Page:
Oregon State University, 2003
The worst grade I ever received, in 16 years of schooling, was a C- in French my freshman year of college. After a particularly disastrous oral exam in which I claimed my father was a mango, my teacher took me aside and said, “What you’re doing is, you’re laying down and peeing into the air, and the pee comes back down on your own face.” I nodded somberly. I had no idea what he meant, but I knew I sucked at French. In one way or another, I was totally peeing on my own face.
Fast forward to present day. Nick and I are kicking off a multi-city tour through Europe with a stop in Montreal, a city where 68% of the population speaks French. The majority of people here speak English too, but I’m dedicated to learning French, to getting it right this time.
On day one, I’m trying to order a sandwich in French and completely butcher a simple sentence. “Désolé,” I say, “my French is so bad.” The woman at the counter smiles and says, in perfect English, “Thank you for trying. It means a lot to us when people try,” and then, with a wink, “especially Americans — no offense.”
Nick and I are at a sushi restaurant in Montreal, and we’ve managed to interpret almost the whole menu except for one word: “homard.” “What does ‘homard’ mean?” I ask Nick, who doesn’t know either. We’re stumped, and too hungry to spend extra time figuring it out. We order other things. They’re delicious.
Walking home from lunch, we round a corner and come face to face with a towering billboard with a picture of a lobster on it, labeled “HOMARD” in 10-foot-letters. “So I guess homard means lobster,” I say, craning my neck to read the rest of the text on the sign. It’s an ad for a lobster festival, but it might as well be a giant vocab flashcard. That’s the beauty of immersion language learning: half the work is just paying attention.
There’s so much that I genuinely enjoy about being in a new place where I don’t speak the language. I love the richness of new sounds in my ears, the mad rush to figure things out before making a fool of myself (that almost always ends in failure), the feeling of sparks in my brain as new connections are made, as greetings and advertisements and interactions start to make sense. But there’s one thing I really miss: making jokes. It’s hard to be funny when you only know about 10 words of a language and 4 of them are “Where is the bathroom?”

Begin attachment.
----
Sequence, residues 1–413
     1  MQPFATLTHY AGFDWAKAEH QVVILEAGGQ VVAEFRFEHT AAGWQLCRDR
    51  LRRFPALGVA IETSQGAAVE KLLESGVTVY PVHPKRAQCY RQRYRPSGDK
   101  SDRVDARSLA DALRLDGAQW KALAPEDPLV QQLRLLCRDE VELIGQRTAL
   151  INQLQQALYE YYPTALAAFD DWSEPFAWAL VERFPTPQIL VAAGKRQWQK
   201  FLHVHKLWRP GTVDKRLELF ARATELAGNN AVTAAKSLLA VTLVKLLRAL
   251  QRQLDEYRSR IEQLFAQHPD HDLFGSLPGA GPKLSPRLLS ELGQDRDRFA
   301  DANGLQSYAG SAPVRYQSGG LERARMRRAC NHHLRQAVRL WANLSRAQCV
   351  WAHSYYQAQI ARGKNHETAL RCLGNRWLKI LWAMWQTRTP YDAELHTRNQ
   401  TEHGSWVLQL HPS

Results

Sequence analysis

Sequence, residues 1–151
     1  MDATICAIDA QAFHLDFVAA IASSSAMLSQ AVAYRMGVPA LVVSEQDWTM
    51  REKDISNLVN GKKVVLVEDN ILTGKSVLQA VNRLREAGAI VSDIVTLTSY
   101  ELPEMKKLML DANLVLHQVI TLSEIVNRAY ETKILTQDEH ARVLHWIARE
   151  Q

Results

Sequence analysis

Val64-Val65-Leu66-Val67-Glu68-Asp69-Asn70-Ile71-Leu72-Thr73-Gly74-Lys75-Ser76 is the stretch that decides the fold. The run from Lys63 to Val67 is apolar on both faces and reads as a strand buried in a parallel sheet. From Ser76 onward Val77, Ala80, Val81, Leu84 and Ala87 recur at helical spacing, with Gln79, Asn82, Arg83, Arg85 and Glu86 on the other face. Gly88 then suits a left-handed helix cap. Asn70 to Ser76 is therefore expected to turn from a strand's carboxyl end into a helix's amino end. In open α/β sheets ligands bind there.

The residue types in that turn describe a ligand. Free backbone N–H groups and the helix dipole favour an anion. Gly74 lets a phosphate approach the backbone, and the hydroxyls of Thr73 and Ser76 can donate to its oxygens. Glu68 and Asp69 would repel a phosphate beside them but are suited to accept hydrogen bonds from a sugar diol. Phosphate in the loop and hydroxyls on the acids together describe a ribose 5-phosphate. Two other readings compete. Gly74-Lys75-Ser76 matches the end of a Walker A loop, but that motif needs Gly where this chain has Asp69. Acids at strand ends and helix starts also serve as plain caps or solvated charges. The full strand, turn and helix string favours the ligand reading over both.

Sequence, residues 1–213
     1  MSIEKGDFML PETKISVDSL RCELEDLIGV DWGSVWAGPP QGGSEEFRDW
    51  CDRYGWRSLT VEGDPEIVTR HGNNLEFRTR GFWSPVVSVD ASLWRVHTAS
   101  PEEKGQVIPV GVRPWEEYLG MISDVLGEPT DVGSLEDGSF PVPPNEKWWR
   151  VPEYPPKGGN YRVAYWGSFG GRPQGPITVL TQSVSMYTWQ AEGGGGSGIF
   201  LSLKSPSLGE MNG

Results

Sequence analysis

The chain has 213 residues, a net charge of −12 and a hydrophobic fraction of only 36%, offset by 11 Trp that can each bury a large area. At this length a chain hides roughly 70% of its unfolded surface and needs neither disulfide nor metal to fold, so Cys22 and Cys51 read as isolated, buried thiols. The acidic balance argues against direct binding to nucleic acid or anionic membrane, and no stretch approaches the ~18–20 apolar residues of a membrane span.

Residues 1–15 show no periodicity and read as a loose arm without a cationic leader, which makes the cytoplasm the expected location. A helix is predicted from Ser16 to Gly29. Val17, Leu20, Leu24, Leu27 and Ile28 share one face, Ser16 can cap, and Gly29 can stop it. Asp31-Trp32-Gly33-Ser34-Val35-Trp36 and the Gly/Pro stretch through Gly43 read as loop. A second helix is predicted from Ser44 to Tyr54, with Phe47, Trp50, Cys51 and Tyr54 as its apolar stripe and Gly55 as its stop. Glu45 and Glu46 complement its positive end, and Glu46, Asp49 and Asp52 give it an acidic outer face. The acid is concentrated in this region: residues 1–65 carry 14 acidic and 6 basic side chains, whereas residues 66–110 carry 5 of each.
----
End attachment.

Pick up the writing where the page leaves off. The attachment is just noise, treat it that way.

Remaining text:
One day I’m standing in line at a coffee shop. There’s a big cookie sitting out on the counter. It is, in my estimation, hilariously big.
Oh my god, I realize, this is my chance.
I order my coffee (“Je voudrais un cafe, s’il vous plais”) and then I pick up the cookie and point to it, eyes wide. “Grande!” I say. This is literally the most complex joke I can create at my current level of French: pointing out that a big cookie is big. Is it even a joke? Maybe we’ll call it “observational humor.” Or prop comedy. If only I had an oversized hammer to smash my grande cookie.
I stand there frozen in my silly facial expression, holding my cookie prop aloft. There is a horrible moment of silence. And then she’s laughing. She’s laughing really hard. And I don’t know if she’s laughing with me or at me and even though I’m 99% sure it’s the latter, I don’t care. I made a joke in French. And I killed.
A couple days later I try the same line at another cafe. The cookie isn’t as big. The barista is confused. I walk out in shame.